Because power is concentrated and accountability is weak, there is rampant corruption in government, economic resources have largely been concentrated and the people have remained largely impoverished. Abra, for instance, remains one of the poorest provinces in the country, and so is Maguindanao. 

All of these happen with a culture that is seemingly conducive to violence as a backdrop. It is a culture that says the use of violence is justifiable; a culture that has low regard for life; a culture that regards violence as normal. You have people who are dependent on the actions of the government and have very low expectations from the government. 

The condition of Maguindanao, if compared to Abra, is perhaps more complicated given the long-standing wars between the government and the secessionist and revolutionary groups such as the MILF, including problem on terrorism given the presence of Abu Sayaff. ERV in Maguindanao is violence happening within a state of war. 

However, it is problematic to yet again subsume ERV in Maguindanao as part and parcel of the Moro’s self-determination issue. Like ERV in other areas such as Abra, ERV in Maguindanao follows the same basic characteristics: presence of long-standing political families that have used violence to stay in power and are protected by politicians at the national who in turn benefit from the pockets of authoritarian rule in the countryside. 

For the longest time, ERV has been a local issue that concerns local constituency who are largely disempowered vis-à-vis their armed political leaders who sow fear and violence to remain in office. For the longest time, the national (both the government and the civil society) consented to pockets of violence happening in these authoritarian enclaves. 

It ends now. It must end now.

Paradoxically, the Maguindanao Massacre gives the country a unique opportunity to address a long-time problem that was not a monopoly of one region or ethnic community. With this massacre, we crossed the line and the country is now on the brink of being a failed state. With this massacre, we are seeing a scale of brutality and evil that we have not seen before. We have seen political and media assassinations and we have experienced massacres of farmers and workers – but not with these targets (women, lawyers, journalists, bystanders and passersby) and not in these numbers. Lines were crossed in Maguindanao and we must all work together, and work very hard, to pull the country back from those lines. Otherwise, the consequences are unimaginable with political clans all over the country possibly believing that they too can act with impunity.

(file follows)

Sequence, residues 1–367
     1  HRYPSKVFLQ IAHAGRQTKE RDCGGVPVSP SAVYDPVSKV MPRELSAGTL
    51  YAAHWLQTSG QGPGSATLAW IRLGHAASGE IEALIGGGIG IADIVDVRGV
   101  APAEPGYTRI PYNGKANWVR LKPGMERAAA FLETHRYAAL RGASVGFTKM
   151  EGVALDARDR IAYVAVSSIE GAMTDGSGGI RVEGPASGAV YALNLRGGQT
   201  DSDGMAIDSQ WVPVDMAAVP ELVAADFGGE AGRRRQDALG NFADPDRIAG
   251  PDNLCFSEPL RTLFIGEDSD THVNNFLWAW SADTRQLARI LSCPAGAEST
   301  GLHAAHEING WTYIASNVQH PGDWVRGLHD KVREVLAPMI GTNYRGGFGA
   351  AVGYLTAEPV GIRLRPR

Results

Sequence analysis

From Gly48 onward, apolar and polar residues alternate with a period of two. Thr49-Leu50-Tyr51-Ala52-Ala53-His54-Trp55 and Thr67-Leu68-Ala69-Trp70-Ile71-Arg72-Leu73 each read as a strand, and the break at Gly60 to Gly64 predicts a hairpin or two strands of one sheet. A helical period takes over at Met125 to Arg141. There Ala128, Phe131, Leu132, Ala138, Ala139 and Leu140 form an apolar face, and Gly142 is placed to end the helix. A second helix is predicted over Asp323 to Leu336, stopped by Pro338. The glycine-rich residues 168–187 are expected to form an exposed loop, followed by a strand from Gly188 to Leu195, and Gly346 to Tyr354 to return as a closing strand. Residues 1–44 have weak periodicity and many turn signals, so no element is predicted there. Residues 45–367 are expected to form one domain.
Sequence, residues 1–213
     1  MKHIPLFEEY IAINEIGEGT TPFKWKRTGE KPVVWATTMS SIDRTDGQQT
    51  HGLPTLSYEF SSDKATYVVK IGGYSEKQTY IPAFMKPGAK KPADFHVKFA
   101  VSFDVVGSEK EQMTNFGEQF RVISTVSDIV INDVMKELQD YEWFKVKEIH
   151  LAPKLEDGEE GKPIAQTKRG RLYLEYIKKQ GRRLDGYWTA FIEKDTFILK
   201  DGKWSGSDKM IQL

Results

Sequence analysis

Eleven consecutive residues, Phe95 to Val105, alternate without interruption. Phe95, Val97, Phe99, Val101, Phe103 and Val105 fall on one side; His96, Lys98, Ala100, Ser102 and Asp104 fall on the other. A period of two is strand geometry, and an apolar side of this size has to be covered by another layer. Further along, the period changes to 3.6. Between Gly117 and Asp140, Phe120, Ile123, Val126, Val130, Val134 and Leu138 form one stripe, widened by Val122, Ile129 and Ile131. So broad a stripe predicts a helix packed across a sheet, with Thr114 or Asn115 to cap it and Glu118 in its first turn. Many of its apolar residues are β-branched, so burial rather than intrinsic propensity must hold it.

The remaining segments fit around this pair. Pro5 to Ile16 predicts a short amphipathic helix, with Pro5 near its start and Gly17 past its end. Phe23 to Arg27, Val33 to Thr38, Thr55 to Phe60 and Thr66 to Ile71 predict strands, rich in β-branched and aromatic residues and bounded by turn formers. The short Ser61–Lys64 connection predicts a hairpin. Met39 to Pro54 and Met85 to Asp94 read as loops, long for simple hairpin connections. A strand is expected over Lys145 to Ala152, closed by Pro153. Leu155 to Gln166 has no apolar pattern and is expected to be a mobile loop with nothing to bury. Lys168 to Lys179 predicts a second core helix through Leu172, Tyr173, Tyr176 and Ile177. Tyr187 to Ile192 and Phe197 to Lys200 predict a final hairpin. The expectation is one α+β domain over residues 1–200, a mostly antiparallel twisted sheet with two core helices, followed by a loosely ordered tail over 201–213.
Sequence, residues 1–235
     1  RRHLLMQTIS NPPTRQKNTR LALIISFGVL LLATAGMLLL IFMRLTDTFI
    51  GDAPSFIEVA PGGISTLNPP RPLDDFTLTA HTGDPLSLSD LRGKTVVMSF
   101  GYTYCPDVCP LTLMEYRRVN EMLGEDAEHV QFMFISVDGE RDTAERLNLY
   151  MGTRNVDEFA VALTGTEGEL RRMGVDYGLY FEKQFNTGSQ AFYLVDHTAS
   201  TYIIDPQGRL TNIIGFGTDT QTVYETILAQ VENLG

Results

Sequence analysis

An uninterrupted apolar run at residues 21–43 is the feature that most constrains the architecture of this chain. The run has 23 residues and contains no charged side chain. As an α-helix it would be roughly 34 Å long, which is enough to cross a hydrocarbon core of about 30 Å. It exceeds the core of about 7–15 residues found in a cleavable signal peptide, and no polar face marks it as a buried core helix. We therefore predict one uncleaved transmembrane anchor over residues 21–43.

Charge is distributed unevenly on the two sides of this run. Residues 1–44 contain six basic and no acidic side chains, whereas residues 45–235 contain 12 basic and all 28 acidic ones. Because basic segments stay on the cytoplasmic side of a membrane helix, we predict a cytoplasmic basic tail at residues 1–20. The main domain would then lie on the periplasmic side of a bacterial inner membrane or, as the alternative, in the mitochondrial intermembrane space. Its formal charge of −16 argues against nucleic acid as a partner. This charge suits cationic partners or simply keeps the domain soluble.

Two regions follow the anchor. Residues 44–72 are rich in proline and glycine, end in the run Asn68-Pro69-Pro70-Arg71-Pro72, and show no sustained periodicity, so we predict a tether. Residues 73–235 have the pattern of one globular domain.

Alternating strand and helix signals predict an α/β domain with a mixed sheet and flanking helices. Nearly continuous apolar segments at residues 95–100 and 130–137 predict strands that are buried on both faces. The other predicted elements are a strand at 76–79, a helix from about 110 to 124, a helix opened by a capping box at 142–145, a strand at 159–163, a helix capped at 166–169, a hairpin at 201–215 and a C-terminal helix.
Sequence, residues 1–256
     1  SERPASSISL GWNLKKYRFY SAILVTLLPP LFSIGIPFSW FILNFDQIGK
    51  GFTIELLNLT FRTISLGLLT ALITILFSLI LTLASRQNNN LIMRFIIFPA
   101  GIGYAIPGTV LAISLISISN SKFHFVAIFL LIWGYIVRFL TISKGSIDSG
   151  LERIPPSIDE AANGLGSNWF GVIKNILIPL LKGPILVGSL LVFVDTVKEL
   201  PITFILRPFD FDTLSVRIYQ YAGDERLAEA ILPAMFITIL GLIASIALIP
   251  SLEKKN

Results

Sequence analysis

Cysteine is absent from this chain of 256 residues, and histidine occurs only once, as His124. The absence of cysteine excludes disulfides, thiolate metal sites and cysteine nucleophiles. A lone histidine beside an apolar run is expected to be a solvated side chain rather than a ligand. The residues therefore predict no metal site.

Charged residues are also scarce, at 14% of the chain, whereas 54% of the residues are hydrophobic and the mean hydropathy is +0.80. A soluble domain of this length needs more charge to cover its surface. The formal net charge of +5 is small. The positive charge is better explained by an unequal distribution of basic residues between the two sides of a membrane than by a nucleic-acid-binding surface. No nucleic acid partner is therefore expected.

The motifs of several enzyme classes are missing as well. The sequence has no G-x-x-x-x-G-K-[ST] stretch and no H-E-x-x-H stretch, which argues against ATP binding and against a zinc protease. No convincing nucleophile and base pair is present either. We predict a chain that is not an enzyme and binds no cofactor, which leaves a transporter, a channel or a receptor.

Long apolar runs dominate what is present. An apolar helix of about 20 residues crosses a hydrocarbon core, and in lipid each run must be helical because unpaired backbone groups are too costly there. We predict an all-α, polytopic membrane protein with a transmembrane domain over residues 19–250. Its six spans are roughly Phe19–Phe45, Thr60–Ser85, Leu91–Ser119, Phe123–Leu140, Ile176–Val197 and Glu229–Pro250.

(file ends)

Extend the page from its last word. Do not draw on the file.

More than ever, there is a call for swift, decisive and massive action by the authorities to bring everyone responsible to justice. There is a call to strengthen democracy not only in the center, but in the entire country. More than ever, we need national and local leaders that have the courage to speak truth to power and who can effectively deliver the basic services of jobs, food, health, education and a sound environment to their communities. More than ever, elections must be reclaimed as a political instrument for peace, not a reason for violence. More than ever, human rights for all must be protected and peace must reign in all parts of the Philippines. More than ever, we are called to be Filipinos caring for our fellow Filipinos and working to build a strong, peaceful and democratic nation. For none of us can fully enjoy democracy, human rights and peace if there are areas where repression, oppression and violence prevail. And only when we start working for democracy and peace for all as one people that election-related violence in the country stops. 

We end this reflection with a personal note. In recent months, because of our work, both of us had the chance to travel to the great and magnificent land of Cotabato, now divided into a number of provinces. Like every place in our country, we both were struck by the beauty of the land and the spirit of its peoples. We are confident that the peoples of Cotabato will overcome this tragedy. But for that, there must be Justice in Maguindanao, and Justice for all.